Diane Downs

From Wikipedia, the free encyclopedia
Jump to navigation Jump to search
Diane Downs
Diane Downs 1984.JPG
Diane Downs in 1984
BornElizabeth Diane Frederickson
(1955-08-07) August 7, 1955 (age 63)
Phoenix, Arizona, U.S.
OccupationPostal worker
Criminal statusIncarcerated; earliest possible release 2020
Spouse(s)
Steve Downs (m. 1973–1980)
Children4
Conviction(s)June 17, 1984; 34 years ago (1984-06-17)
Criminal chargeMurder
• Attempted murder
• Assault
PenaltyLife plus 50 years

Elizabeth Diane Frederickson Downs (born August 7, 1955) is an American woman convicted of the May 1983 murder of her daughter and the attempted murders of her other two children.[1] Following the crimes, she told police a stranger had attempted to carjack her and had shot the children. She was convicted in 1984 and sentenced to life in prison plus fifty years.[2]

Downs briefly escaped in 1987 and was recaptured. She is the subject of a book by Ann Rule and a made-for-TV movie based upon it, both called Small Sacrifices. She was denied parole in December 2008 and again in December 2010.[3][4]

Early life[edit]

Diane Downs was born in Phoenix, Arizona on August 7, 1955, to Danish and English American parents Wesley Linden (1930-2017) and Willadene (Engle) Frederickson.[5] She alleged that her father sexually abused her when she was a child, although she later recanted these allegations (both parents denied that any such incidents ever took place).[5] Diane graduated from Moon Valley High School in Phoenix where she met her husband, Steve Downs.[5] After high school, she enrolled at Pacific Coast Baptist Bible College in Orange, California, but was expelled after only one year for promiscuous behavior and soon returned to her parents' home in Arizona.[5]

On November 13, 1973, she married Steve after running away from home.[5] Their first child, Christie Ann, was born in 1974; Cheryl Lynn followed in 1976, with Stephen Daniel being born in 1979. The couple divorced in 1980, about a year after the birth of their son. Prior to her arrest, Diane was employed by the United States Postal Service, assigned to the mail routes in the city of Cottage Grove, Oregon. Her daughter Cheryl reportedly told a neighbor of her grandparents that she was afraid of her mother shortly before her death.[6]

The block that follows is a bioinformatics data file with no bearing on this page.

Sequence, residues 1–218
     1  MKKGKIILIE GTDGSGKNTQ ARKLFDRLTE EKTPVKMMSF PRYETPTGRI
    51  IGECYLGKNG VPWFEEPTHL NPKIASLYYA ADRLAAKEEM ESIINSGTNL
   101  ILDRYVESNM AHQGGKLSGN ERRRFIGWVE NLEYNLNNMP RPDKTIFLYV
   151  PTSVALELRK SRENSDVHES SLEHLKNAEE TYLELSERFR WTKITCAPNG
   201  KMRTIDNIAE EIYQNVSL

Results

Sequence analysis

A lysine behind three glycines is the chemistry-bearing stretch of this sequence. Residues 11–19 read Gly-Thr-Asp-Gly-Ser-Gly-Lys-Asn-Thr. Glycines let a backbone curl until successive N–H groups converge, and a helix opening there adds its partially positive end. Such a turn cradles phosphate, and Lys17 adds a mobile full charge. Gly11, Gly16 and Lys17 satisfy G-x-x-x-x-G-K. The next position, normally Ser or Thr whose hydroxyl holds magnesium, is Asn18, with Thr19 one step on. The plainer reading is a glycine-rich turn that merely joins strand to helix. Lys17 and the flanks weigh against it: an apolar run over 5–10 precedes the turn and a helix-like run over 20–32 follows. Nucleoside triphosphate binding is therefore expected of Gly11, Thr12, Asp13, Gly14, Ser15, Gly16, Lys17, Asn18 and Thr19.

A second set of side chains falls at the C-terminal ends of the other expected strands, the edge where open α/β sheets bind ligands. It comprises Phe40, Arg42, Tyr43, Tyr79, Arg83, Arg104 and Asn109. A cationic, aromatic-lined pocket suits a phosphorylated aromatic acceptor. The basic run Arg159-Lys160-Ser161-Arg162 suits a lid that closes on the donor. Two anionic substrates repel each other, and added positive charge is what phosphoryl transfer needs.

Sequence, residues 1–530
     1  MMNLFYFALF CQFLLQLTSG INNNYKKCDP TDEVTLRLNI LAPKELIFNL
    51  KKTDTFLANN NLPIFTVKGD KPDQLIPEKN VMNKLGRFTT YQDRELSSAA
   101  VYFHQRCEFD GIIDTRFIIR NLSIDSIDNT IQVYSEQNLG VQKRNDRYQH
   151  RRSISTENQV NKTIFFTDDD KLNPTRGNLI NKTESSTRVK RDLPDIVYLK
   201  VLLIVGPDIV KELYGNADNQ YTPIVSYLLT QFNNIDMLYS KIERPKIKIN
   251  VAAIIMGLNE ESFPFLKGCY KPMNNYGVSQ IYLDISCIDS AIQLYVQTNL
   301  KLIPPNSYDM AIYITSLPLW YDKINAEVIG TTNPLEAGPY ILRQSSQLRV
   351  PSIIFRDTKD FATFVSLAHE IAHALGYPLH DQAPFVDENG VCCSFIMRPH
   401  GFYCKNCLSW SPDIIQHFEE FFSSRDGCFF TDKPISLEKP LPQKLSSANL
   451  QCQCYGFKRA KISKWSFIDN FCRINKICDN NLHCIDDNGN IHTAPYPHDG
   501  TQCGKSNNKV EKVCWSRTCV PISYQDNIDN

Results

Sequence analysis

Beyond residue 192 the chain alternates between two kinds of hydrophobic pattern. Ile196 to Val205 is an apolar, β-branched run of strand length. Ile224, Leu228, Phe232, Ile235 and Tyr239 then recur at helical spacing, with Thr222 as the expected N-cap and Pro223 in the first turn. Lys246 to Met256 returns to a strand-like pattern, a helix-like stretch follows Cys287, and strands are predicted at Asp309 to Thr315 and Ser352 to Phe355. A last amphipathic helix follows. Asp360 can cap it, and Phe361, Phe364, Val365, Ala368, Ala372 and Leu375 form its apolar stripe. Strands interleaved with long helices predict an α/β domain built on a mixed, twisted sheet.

Shootings[edit]

On May 19, 1983, Diane Downs shot her three children and drove them in a blood spattered car to McKenzie-Willamette Hospital. Upon arrival, Cheryl was already dead, Danny was paralyzed from the waist down, and Christie had suffered a disabling stroke. Downs herself had been shot in the left forearm. She claimed she was carjacked on a rural road near Springfield, Oregon, by a strange man who shot her and the children. However, investigators and hospital workers became suspicious because they decided her manner was too calm for a person who had experienced such a traumatic event. She also made a number of statements that both police and hospital workers considered highly inappropriate.

Suspicions heightened when Downs, upon arrival at the hospital to visit her children, phoned Robert Knickerbocker, a married man and former coworker in Arizona with whom she had been having an extramarital affair.[7] The forensic evidence did not match her story; there was no blood splatter on the driver's side of the car, nor was there any gunpowder residue on the driver's door or on the interior door panel. Knickerbocker also reported to police that Downs had stalked him and seemed willing to kill his wife if it meant that she could have him to herself; he stated that he was relieved that she had left for Oregon and that he was able to reconcile with his wife.[8]